I was dealing with a lot of personal issues, and after years and years of throwing my problems under the rug- never truly dealing with them- I ended up snapping. Thirty sleeping pills later, I found myself in the hospital, hooked up to a wild array of machines and completely out of it. I do not remember much of being in the hospital that night, but the following days, weeks, months, and to this day still, I can remember clearly.

You Feel Shame, Guilt, and You End Up Hating Yourself:

Looking back now, the easy part of all of that was attempting to kill myself. The time that has followed has been some of the most difficult times I have ever gone through. I had always been scared of dying, which may seem like a contradiction to my story that I have shared thus far. That night though, I was so fed up with the world and my own life that I was almost angry at myself for being scared of dying; so I pushed through that fear and took the pills.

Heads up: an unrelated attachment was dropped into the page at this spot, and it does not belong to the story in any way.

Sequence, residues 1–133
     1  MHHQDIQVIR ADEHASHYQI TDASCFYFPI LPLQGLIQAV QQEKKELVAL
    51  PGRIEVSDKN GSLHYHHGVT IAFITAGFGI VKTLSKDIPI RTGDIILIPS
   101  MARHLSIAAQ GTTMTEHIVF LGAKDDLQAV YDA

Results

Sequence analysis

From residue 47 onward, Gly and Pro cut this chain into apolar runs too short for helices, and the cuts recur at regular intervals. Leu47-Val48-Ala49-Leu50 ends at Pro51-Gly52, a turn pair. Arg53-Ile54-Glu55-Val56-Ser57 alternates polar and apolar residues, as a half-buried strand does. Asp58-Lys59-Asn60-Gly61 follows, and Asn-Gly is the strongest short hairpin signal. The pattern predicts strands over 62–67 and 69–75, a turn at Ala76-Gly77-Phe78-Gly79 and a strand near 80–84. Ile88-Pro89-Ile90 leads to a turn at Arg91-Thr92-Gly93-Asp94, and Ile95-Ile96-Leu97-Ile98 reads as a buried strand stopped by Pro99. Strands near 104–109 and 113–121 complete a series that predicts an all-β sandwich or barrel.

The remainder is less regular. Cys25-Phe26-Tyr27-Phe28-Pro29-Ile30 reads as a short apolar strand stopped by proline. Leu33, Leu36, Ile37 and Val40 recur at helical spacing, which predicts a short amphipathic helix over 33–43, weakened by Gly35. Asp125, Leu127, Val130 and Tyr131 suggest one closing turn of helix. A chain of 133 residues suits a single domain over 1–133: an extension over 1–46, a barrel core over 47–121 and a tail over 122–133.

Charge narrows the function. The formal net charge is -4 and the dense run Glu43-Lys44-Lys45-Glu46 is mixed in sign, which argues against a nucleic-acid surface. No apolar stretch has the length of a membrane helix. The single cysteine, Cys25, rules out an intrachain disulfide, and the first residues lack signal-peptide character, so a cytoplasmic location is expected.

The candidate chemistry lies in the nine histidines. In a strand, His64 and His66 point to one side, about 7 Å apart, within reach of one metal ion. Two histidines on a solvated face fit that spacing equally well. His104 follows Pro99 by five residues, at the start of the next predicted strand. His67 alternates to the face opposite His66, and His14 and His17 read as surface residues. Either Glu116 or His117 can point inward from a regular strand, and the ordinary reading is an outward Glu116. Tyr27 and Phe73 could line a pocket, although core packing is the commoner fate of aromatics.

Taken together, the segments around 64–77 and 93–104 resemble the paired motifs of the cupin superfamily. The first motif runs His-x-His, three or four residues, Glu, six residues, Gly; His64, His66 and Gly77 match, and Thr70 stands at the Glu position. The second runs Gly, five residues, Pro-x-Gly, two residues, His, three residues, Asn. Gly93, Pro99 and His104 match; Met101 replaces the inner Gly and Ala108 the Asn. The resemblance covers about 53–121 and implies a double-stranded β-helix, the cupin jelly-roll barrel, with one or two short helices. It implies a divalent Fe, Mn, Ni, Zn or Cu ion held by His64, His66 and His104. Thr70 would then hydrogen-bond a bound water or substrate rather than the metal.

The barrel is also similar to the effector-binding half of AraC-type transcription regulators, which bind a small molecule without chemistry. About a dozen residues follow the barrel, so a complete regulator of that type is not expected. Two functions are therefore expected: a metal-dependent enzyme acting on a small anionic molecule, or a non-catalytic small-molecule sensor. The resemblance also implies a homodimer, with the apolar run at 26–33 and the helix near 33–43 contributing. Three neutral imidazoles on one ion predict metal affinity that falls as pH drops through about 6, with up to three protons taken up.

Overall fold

I remember feeling…proud. It was a sort of a ‘ha!’ moment to myself, like I finally proved to myself that I could do it. Once I was awake in the hospital though, I could not stop crying. I felt ashamed at myself that I could not just deal with my own problems like ‘normal’ people do. I felt like there was something severely wrong with me.